Elena Afonina: – Very strange signals come from neighbors … On the one hand, “Sputnik V” vaccination is being carried out in Kazakhstan, relations in many areas have been established, cooperation is developing. On the other hand, there are also negative aspects: Russophobia manifests itself, an active rejection of our common values begins. What do you think about that?
Sergey Mikheev: – In fact, there is nothing new in this. Our attitude towards many things is changing. And this does not justify any of our post-Soviet partners and former post-Soviet states. But, unfortunately, since the 1990s, the Russian government itself has given them the opportunity to endlessly play such a double game.
If we talk about Russophobia, then it, like ethnic nationalism, to one degree or another, has become the basis for almost all states in the post-Soviet space, with the exception of Belarus. And what to talk about if we have more than enough of this in Russia.
Kazakhstan is no exception. It’s just that all the post-Soviet countries differed from each other in the degree of rigidity in promoting their ethnic nationalism. Everywhere, in all states of the former Soviet Union, ethnic nationalism is the main state ideology. While in Kazakhstan the president was Nursultan Nazarbaev – an intelligent and flexible politician, this manifested itself softer than in other countries. Nevertheless, in Kazakhstan, Russophobia also took place, although it did not manifest itself as clearly as in other countries.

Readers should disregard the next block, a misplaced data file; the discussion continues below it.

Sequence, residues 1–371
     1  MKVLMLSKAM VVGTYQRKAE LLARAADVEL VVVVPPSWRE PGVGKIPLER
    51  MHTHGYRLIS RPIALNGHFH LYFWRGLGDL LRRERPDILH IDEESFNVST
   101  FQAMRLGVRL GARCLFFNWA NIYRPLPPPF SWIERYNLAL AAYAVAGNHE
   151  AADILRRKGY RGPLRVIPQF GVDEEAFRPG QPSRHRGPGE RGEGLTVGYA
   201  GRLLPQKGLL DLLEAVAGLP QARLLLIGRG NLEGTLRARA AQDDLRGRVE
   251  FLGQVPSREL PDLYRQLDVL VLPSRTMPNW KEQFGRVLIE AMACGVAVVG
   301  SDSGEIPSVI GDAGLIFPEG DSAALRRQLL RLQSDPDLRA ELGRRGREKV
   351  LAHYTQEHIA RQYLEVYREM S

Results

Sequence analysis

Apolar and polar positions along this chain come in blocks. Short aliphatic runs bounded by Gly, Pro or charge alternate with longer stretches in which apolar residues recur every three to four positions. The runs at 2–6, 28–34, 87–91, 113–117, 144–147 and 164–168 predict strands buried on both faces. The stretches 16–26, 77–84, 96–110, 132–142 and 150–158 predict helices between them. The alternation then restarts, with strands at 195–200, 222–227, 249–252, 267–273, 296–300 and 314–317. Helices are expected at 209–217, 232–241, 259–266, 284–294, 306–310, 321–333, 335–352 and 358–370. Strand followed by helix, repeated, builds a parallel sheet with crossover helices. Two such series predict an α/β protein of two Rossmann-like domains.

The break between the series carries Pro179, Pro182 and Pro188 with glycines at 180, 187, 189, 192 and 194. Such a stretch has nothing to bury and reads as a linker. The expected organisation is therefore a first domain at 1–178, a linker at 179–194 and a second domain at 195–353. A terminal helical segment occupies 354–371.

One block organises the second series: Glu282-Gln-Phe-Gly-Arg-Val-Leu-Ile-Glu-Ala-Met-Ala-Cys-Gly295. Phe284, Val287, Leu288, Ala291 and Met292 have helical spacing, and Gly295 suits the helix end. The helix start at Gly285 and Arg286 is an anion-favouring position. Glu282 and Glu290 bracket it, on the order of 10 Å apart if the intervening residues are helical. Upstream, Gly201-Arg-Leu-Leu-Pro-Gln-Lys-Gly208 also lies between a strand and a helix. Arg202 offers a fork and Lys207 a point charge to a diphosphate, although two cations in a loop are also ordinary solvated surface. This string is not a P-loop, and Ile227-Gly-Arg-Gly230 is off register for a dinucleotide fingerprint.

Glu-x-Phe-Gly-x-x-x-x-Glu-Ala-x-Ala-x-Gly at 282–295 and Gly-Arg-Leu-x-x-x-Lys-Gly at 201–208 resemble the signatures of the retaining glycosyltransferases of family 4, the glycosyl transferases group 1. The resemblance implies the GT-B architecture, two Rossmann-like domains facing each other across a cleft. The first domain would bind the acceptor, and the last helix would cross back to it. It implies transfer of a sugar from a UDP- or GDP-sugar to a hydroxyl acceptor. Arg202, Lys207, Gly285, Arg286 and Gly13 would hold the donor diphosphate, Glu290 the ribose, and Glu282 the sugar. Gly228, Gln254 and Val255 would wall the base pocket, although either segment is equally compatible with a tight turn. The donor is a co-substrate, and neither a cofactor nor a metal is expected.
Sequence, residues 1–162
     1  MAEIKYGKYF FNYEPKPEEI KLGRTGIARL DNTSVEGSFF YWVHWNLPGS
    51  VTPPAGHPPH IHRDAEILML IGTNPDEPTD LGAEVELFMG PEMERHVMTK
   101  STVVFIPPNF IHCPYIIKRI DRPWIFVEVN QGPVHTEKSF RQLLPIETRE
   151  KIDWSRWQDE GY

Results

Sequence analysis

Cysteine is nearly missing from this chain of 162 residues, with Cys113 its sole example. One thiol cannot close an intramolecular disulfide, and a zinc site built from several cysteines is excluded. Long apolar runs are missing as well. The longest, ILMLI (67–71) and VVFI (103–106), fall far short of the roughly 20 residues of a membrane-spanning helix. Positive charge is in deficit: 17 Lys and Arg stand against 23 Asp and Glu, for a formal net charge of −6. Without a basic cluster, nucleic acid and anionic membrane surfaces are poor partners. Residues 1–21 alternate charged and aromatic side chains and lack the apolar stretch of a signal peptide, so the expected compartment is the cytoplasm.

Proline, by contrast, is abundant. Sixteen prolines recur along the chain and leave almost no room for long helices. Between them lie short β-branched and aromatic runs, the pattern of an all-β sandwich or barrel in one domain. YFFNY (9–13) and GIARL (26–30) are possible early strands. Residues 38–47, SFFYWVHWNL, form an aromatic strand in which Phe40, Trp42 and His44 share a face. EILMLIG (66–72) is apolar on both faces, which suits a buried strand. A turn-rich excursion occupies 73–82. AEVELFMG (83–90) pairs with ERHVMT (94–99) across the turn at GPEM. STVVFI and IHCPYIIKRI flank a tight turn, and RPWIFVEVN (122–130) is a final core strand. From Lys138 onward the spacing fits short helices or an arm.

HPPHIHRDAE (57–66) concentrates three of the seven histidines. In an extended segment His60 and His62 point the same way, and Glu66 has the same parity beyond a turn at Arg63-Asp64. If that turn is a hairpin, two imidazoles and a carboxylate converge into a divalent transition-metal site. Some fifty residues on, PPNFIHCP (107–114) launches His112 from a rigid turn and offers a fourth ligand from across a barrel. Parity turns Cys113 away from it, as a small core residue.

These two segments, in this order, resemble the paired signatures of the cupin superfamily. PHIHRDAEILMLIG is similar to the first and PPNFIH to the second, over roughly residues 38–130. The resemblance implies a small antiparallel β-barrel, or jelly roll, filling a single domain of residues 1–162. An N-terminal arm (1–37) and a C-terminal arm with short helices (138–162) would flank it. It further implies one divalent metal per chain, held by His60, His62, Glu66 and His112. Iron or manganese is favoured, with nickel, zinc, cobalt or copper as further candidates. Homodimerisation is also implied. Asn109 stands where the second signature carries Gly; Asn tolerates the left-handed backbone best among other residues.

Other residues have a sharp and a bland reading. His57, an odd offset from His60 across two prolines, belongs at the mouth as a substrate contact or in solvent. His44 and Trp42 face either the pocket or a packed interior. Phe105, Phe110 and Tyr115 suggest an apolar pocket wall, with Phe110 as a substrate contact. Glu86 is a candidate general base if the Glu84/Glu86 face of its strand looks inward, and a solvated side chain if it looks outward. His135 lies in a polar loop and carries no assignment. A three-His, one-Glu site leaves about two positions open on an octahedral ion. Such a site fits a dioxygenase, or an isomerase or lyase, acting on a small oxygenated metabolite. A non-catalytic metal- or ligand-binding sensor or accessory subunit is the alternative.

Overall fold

We turned a blind eye to this same Russophobia in the 2000s, pretending that everything was fine. And she began to develop further. Moreover, everyone remembers perfectly well how the president Boris Yeltsin and his team handed over pro-Russian organizations in Kazakhstan to the Kazakh special services. Many people who could have become the mainstay of Russia at that time, or were convicted, or left Kazakhstan, or even disappeared.